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When Burt Reynolds Complained About Me to Johnny Carson on ‘The Tonight Show’ (Guest Blog)

A reporter’s perfect interview with Reynolds ended up irking the star, who died this week at 82

My wife and I were watching “The Tonight Show With Johnny Carson” one night in April, 1985 when Burt Reynolds came on as one of Johnny’s guests. I was interested in the banter between them for a couple of reasons.

I liked Reynolds a lot. Though he had of late been starring in cornball chase movies like “Stroker Ace,” “Cannonball Run” and the “Smokey and the Bandit” films, I would be forever grateful for his dramatic performance in the 1972 “Deliverance.” What a movie! He’d also shown his range in Alan J. Pakula’s light romantic comedy “Starting Over.” Plus, he was just a lot of fun.

More urgently, I was interested because he was on the show to promote a new movie adapted from Elmore Leonard’s novel “Stick.” He was both the movie’s star and its director and, a few months earlier, I’d been on the Fort Lauderdale set of that movie with him as my personal host.

The unit publicist for the film had called me at my office at USA Today in Los Angeles to extend the invitation. He said Burt had personally asked him to do so.

“Are there going to be other reporters there?” I asked. I wouldn’t have gone if there were.

“No, you’re the only one Burt asked me to invite.”

I went back through my reviews of Reynolds’ earlier films to see if I’d said something particularly laudatory that might explain his kindly feelings toward me. I did find a warm paragraph in my review of the 1980 romantic thriller “Rough Cut,” and had received a warm letter from Burt thanking me for it. I’d also written favorably of his shambolic performance in “The Best Little Whorehouse in Texas,” though I was most impressed by his co-star, Dolly Parton.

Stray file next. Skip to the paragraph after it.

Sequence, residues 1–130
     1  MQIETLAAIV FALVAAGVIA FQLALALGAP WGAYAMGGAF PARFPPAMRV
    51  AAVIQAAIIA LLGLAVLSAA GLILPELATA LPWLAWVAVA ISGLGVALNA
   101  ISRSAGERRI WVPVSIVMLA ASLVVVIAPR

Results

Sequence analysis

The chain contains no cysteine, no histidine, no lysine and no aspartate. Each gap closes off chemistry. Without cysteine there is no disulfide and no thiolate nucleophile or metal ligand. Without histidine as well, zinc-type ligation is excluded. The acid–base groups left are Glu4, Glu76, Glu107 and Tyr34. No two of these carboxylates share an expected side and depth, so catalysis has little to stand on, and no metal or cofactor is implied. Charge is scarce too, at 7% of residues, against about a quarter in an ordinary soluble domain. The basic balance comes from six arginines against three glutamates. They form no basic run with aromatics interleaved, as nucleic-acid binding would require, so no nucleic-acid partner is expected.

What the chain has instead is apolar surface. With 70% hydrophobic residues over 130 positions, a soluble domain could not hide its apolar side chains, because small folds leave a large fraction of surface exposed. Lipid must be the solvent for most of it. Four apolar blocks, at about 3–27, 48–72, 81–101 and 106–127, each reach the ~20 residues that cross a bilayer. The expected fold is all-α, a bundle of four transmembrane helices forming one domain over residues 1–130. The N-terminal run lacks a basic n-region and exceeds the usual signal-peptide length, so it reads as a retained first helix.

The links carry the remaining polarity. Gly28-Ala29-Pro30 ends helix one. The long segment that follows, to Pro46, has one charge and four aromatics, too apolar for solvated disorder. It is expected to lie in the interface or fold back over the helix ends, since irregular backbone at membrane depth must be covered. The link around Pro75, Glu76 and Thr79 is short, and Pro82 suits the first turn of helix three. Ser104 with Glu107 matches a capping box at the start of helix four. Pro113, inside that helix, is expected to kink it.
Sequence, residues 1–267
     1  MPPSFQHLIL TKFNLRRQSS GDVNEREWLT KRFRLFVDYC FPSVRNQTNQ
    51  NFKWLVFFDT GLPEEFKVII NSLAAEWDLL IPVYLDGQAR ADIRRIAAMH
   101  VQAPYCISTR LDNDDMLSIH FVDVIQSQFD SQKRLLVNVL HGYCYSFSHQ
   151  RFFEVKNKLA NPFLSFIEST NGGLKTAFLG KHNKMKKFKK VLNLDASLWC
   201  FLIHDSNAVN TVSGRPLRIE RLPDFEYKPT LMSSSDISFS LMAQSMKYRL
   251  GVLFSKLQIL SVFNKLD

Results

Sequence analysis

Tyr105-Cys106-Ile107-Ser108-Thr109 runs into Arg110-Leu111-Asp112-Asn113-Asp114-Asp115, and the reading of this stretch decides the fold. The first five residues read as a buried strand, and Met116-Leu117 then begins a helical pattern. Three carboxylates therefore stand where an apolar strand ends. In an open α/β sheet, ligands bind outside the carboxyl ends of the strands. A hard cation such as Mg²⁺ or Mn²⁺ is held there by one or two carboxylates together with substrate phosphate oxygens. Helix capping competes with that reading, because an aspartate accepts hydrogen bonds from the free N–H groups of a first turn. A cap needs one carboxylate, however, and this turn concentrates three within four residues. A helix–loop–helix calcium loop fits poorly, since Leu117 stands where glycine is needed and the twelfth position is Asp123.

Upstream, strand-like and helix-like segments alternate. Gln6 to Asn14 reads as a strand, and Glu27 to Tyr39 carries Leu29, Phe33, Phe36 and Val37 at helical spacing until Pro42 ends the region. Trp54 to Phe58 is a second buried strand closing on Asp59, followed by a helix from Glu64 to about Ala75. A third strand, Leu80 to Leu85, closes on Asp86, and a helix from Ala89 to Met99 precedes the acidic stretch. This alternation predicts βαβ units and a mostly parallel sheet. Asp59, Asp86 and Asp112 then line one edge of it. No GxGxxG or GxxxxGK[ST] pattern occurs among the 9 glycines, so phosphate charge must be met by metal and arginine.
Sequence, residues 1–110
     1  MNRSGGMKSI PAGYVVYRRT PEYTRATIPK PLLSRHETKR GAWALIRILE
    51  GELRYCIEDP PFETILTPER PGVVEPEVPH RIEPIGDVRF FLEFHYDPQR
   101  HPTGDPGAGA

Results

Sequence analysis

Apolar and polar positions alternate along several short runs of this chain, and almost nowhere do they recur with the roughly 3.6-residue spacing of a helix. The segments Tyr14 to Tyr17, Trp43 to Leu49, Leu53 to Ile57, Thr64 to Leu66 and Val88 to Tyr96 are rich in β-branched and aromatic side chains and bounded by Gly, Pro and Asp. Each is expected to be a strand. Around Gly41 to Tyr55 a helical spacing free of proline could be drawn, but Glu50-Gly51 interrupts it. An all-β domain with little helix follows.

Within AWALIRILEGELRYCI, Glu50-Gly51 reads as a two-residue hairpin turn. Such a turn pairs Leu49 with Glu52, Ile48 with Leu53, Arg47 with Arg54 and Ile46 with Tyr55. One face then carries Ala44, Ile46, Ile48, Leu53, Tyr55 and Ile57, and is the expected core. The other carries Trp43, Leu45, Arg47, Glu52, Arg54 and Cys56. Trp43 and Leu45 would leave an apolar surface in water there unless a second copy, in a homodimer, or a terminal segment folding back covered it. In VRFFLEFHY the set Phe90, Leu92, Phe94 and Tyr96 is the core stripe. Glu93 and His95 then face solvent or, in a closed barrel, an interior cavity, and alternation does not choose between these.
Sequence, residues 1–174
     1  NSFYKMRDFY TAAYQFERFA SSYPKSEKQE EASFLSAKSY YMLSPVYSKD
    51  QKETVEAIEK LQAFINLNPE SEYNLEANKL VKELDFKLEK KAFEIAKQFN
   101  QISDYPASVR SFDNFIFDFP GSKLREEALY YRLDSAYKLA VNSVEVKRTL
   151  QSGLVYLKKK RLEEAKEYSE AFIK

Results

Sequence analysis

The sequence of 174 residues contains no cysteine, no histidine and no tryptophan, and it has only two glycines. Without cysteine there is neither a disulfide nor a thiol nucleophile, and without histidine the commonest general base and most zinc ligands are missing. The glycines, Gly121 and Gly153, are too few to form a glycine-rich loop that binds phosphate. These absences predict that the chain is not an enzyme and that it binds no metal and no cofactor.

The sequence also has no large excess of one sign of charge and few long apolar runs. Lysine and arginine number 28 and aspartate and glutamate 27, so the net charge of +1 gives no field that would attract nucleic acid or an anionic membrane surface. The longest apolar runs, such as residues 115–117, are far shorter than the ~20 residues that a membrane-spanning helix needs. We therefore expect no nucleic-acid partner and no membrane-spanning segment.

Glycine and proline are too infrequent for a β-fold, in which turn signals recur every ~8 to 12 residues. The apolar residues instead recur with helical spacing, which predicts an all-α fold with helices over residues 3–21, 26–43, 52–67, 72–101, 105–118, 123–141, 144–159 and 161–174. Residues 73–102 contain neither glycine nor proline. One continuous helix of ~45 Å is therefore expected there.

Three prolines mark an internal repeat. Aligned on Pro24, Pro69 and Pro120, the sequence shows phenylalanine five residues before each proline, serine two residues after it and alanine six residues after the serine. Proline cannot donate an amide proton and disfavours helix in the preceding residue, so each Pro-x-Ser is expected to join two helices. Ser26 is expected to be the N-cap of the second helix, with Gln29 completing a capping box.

But just weeks before getting his invitation to Florida, I panned his lazy performance in “Cannonball Run II,” which was pretty much the low mark in his car chase oeuvre, and I’d also found him a weak foil for Clint Eastwood in “City Heat.”

So, maybe he was inviting me down there so he could beat the hell out of me. Whatever his motive, it seemed worth the trip and after my editors cleared the expense, I found my way to Fort Lauderdale and Pier 66 Hotel where interior scenes for “Stick” were being filmed.

I had always been treated well by people on movie sets, but this treatment was better than well. Reynolds welcomed me as if I were the producer’s son. He explained every set-up and every shot to me, had me look through the camera to see how the scene was composed, and introduced me to everyone in the crowded room.

Between set-ups and lighting adjustments, the two of us would withdraw to his dressing room where I would grab five to ten-minute snatches of interview. One of the first questions I asked Reynolds was why he’d invited me.

“I love USA Today,” he said. “I think it’s the greatest thing that’s happened to newspapers. It’s concise, it’s thorough and it never goes out of its way to hurt anybody.”

Wow, that hurt. Hadn’t he read my reviews of his cuss-and-run chase movies? And if he did, did he mistake the criticism for praise? I managed to phrase the question as a generic query about his opinion of critics.

“I don’t mind constructive criticism,” he said. “What I hate are critics who make it a personal goal to destroy someone’s career.”

In thirty years of on-and-off movie reviewing, only one person actually accused me of trying to destroy his career and that person — Sylvester Stallone — really didn’t have anything to fear. But that’s another story.

Anyway, I had a terrific time with Reynolds. He was instructive, candid and as funny as I thought he would be. I remembered two stories he had told me, one that I used in a column a few days later, and one that I could not repeat in a family newspaper.

Burt said he’d been on a movie set early in his career when Roy Rogers, a boyhood idol of his (and of mine, too), showed up on the set. Burt and others gathered around Roy to listen to him spin tales of his experiences making Westerns. Roy ended the confab by pointing to his watch and saying, “Well, boys, I’ll see you later. I have to go home and f— Dale.”